To the Editor:

Methylation of the proximal promoter of the c-ABL oncogene is a specific epigenetic alteration associated with progression of chronic phase chronic myelogenous leukemia (CML) to accelerated and blastic phases.1-6 A recent report by Issa et al6published in Blood concludes that c-ABL methylation “is associated with disease progression” but “lacks prognostic significance.” Our previous work is in full agreement with the investigators’ conclusion that c-ABL methylation is a reliable marker for disease progression.1,2 However, we find it hard to reconcile to the proposed dissociation of prognosis from malignant progression. Therefore, we were surprised by the categorical finality imbued in the title of the article and the strongly negative conclusions on the prognostic value of the marker which, in our opinion, are not warranted by the methodology and the data presented.

Issa et al have tested the prognostic significance of c-ABLmethylation by correlating solitary determinations of methylation status at diagnosis with survival at 5 to 7 years. This approach may prove to be of limited informative potential because it disregards the fact that c-ABL methylation is a dynamic variable that can be modulated by treatment. We have shown that the majority of patients with positive evidence for methylation at diagnosis who were subsequently treated with interferon-α (IFN-α) underwent reversal of the methylation status within an average of 10.8 months under treatment.2 This phenomenon was totally independent of cytogenetic response and, therefore, cannot be argued to constitute a substitute index for cytogenetic remission. Therefore, to properly ascertain the prognostic significance of c-ABL methylation, treatment outcomes and survival should be correlated with response of methylation to therapeutic modulation as determined by multiple assessments. In other words, it is important to use methylation as a dynamic parameter to monitor disease activity and/or the kinetics of aggressive subclones of cells, because these factors will eventually determine the rate of clinical progression and prognosis. It is notable that the investigators did show a palpable (albeit not statistically significant) difference in survival rates between high- and low-methylation groups when they used c-ABL methylation as a static parameter, despite the problems inherent in this type of analysis. These data do not unequivocally exclude a prognostic role for c-ABL methylation in CML and, in our opinion, call for a fuller study.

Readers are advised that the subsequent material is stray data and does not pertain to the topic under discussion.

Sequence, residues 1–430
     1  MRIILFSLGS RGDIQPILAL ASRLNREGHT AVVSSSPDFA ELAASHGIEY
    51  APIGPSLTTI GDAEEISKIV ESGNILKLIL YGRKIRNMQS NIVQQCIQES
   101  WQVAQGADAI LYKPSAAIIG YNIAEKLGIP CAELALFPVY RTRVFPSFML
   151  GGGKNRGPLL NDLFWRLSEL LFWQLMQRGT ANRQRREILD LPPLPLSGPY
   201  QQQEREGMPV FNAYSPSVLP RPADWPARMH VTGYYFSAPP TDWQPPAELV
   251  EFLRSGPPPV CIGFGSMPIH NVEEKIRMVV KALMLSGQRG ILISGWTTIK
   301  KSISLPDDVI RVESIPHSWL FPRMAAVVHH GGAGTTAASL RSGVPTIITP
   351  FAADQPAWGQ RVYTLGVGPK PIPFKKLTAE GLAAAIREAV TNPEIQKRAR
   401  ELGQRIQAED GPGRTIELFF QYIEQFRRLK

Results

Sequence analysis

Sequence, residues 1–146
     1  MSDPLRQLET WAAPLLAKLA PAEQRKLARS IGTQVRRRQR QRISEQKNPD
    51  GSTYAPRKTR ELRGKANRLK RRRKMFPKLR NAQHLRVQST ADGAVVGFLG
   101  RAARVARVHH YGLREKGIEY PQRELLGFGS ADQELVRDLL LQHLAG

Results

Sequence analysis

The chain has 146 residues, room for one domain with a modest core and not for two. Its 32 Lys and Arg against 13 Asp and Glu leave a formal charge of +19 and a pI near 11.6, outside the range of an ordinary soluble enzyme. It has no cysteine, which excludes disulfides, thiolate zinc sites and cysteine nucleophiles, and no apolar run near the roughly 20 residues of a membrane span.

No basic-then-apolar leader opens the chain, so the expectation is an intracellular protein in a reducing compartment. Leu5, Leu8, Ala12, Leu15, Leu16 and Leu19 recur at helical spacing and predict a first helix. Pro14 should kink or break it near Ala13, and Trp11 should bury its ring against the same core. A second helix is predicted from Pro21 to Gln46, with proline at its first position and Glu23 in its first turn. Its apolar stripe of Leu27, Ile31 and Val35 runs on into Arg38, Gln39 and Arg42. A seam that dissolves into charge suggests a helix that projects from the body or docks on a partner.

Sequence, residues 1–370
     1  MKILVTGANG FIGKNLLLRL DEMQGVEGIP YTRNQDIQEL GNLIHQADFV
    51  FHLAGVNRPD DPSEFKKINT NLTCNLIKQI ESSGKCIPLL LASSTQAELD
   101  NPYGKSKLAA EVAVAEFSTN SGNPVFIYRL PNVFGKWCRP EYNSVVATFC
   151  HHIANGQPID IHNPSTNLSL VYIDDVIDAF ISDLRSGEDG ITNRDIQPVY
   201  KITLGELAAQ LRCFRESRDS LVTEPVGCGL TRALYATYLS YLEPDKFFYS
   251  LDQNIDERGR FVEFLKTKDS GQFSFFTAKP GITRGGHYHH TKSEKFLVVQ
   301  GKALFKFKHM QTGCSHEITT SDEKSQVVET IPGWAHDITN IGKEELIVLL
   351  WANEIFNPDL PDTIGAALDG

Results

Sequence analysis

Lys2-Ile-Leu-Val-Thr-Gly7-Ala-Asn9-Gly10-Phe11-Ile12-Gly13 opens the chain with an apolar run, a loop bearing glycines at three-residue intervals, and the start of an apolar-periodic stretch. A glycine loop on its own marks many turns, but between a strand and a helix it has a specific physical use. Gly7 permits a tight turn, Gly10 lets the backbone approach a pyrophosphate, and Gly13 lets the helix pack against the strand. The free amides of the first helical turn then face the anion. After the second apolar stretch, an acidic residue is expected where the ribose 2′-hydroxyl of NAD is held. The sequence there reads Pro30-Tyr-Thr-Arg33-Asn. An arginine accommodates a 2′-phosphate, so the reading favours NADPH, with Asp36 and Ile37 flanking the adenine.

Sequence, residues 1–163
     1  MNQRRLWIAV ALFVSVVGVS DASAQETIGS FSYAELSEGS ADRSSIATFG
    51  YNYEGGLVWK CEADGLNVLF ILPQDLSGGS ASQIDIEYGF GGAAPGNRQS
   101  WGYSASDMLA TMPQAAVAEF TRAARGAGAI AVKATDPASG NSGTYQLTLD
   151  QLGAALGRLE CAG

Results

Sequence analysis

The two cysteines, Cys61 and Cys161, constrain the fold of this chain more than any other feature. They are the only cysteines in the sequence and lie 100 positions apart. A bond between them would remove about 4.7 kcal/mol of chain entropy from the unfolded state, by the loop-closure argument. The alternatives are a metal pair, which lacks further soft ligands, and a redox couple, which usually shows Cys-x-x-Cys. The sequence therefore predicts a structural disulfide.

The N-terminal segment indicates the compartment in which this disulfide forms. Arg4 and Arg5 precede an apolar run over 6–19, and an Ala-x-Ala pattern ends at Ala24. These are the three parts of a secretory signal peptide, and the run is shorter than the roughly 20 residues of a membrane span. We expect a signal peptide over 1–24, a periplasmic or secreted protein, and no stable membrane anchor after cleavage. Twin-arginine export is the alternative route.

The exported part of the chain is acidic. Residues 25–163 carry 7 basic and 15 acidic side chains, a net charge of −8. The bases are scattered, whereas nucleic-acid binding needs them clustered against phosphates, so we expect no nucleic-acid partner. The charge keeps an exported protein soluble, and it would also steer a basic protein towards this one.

We further believe that a number of additional issues need to be addressed before a candid assessment of prognostic value can be made. First, the outlook of patients with no evidence of methylation in diagnosis who subsequently undergo de novo methylation must be ascertained. If methylation is indeed a marker for disease progression, its emergence in these patients, especially when under treatment, is likely to carry a dismal prognosis. Second, rates of relapse between high- and low-methylation groups after treatment should be compared. Third, the degree of c-ABL methylation before bone marrow transplantation in chronic phase has to be correlated with outcome. Answers to these questions were not sought in the report by Issa et al.

The issue of which method to use to detect methylation also remains open. By using restriction endonuclease–based assays, Issa et al find a significantly high proportion of cases with methylated c-ABLin early chronic phase compared with other studies using similar methods.1-3 The investigators note this discrepancy and attribute it to patient selection and/or methodology bias. We have also used restriction-enzyme based techniques and are fully aware that the use of restriction endonucleases to detect methylation may be marred with a high number of false-positive results that may render subsequent analyses problematic. We have attempted to circumvent these problems by developing methods based on polymerase chain reaction of sodium bisulfite-modified DNA. Our data5 suggest that determination of methylation status of colonies derived from single hematopoietic progenitors appears to have a good correlation with clinical course and it may deserve full comparison with traditional methods.

The premise that c-ABL methylation is associated with CML progression appears to enjoy a wide consensus in the literature.1-6 This epigenetic change may represent either a stochastic mutation or a time-dependent consequence of theBCR-ABL translocation event. Recent data from our laboratory5 suggest that c-ABL promoter methylation is a necessary (but probably not sufficient) event for CML clonal evolution. It is probable that the chronic phase of CML is maintained by a balance of BCR-ABL and cytoplasmic ABL proteins exerting opposite and antagonistic functions at the level of apoptosis, cell-cycle progression, and genetic instability.7 The disease may evolve when this balance is lost as the result of reduced transcription from the internal c-ABL promoter. Through its effects on methylation, interferon treatment appears to be capable of reestablishing the status quo, leading to prolongation of the chronic phase of disease. The potential prognostic value of modulation of these molecular events by interferon treatment cannot be overstated and merits further investigation.

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